Adelaide is one of Australia’s most historic cities, and a city tour is a great way to cover a lot of ground in a short space of time.
With wide streets laid out in an easy to navigate grid, and a buffer of parkland surrounding the CBD, the city is a pleasure to explore. Here are ten of the best-loved landmarks that you’ll catch at least a glimpse of on most city tours. However, they are well worth coming back to and exploring in more detail during your stay.
1. Adelaide Park Lands and River Torrens
One hundred and eighty years after Colonel William Light envisioned the capital of South Australia, the layout of Adelaide is still regarded as a revolutionary piece of urban planning. A key aspect of his design is the vast green belt that encircles the city. The 700-hectare Park Lands were added to Australia’s National Heritage List in 2008.
The Park Lands to the south are home to sporting fields, public gardens and even a BMX track. In the Park Lands north of the city lies Karrawirra Parri. The Kaurna First Peoples’ name for the River Torrens reflects the forests of red gums that used to line its banks, and the Kaurna Walking Trail lets you discover some of Adelaide’s pre-colonial stories.
2. Adelaide Botanic Garden
At the eastern end of the city, the sprawling 23-hectare Adelaide Botanic Garden is a top spot for a wander. Winding paths take you through everything from wetlands to desert environments and past multiple lawns that make excellent picnic spots.
Discover unusual species like the ancient Wollemi pine or giant Amazon waterlily, learn about Madagascan flora in the exquisite Victorian Palm House, and walk through lowland rainforest in the enormous Bicentennial Conservatory. And the plants aren’t just for looking at; you can learn about their many uses in the Museum of Economic Botany or taste some of the produce from the onsite kitchen garden at the award-winning Botanic Gardens Restaurant.
3. Art Gallery of South Australia
The leafy boulevard of North Terrace is home to many of the city’s most august cultural institutions. First up is the Art Gallery of South Australia, which holds an outstanding collection of almost 50,000 works of art. Permanent displays show the evolution of colonial and indigenous art alongside contemporary works from around the world.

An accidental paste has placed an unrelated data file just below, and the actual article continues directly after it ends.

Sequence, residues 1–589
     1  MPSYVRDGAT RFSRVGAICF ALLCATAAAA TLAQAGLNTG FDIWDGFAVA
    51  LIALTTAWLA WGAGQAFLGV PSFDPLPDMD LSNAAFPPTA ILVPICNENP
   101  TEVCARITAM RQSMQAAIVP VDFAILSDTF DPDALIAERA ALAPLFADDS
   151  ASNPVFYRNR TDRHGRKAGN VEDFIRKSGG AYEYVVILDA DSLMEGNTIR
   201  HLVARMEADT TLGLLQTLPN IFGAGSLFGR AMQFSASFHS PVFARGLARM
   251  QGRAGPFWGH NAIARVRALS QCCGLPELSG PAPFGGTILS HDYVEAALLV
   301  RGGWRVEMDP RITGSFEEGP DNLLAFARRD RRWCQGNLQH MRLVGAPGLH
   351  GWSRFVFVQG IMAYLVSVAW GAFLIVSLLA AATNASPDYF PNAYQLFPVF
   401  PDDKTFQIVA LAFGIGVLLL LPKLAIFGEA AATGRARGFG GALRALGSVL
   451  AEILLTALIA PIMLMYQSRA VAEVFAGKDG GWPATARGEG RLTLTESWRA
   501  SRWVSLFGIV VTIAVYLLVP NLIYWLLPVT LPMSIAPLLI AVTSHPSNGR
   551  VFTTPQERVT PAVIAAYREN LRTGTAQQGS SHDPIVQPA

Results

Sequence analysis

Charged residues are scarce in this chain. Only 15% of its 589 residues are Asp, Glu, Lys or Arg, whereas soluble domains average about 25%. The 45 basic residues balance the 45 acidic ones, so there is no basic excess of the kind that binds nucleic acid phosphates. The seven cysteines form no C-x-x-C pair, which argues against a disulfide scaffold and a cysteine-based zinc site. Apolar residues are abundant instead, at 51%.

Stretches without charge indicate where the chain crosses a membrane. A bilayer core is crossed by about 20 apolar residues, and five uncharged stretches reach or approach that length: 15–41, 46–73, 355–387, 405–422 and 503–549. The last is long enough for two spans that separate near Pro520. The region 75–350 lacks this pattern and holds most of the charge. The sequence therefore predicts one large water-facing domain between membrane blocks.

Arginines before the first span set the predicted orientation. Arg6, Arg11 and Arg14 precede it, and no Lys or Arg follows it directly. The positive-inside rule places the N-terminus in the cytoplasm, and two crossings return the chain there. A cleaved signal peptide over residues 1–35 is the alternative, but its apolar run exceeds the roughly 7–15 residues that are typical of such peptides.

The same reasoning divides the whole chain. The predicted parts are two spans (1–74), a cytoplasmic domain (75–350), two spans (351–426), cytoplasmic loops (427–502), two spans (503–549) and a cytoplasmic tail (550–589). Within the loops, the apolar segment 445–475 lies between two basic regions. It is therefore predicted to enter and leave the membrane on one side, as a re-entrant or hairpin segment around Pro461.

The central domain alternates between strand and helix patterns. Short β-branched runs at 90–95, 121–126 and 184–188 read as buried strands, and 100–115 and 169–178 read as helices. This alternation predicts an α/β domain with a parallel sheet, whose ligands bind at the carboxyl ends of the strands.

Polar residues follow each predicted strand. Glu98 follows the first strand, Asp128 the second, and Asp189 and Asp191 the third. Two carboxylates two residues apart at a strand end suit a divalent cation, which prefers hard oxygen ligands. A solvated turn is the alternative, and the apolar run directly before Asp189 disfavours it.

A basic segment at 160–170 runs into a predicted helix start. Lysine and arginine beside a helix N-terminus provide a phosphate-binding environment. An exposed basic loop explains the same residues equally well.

Free tours run daily and there are regular special events like First Fridays (on the first Friday of each month) featuring talks on music and art.
4. South Australian Museum
Continuing down North Terrace, the South Australian Museum boasts the most comprehensive collection of Aboriginal artefacts in the world. Exploring every corner of this grand sandstone complex would take days, but the Pacific Cultures Gallery, Ancient Egyptian antiquities and opalised fossils are well worth seeking out.
And for a tour with a difference, you can hire a tablet to play The Shadow Initiation — an adventure game that takes you throughout the museum on a quest for points.
5. State Library of South Australia
Right next door, the State Library is full of unusual South Australiana and special collections of rare books, maps and music from as far back as the 13th century. But one of the biggest surprises is the building itself. Head through the airy modern entrance to the Mortlock Wing and it feels like you’re stepping back in time. The 19th century French Renaissance interior looks like something from Hogwarts, and the magnificent two-storey space preserves many of the original furnishings.
6. Adelaide Oval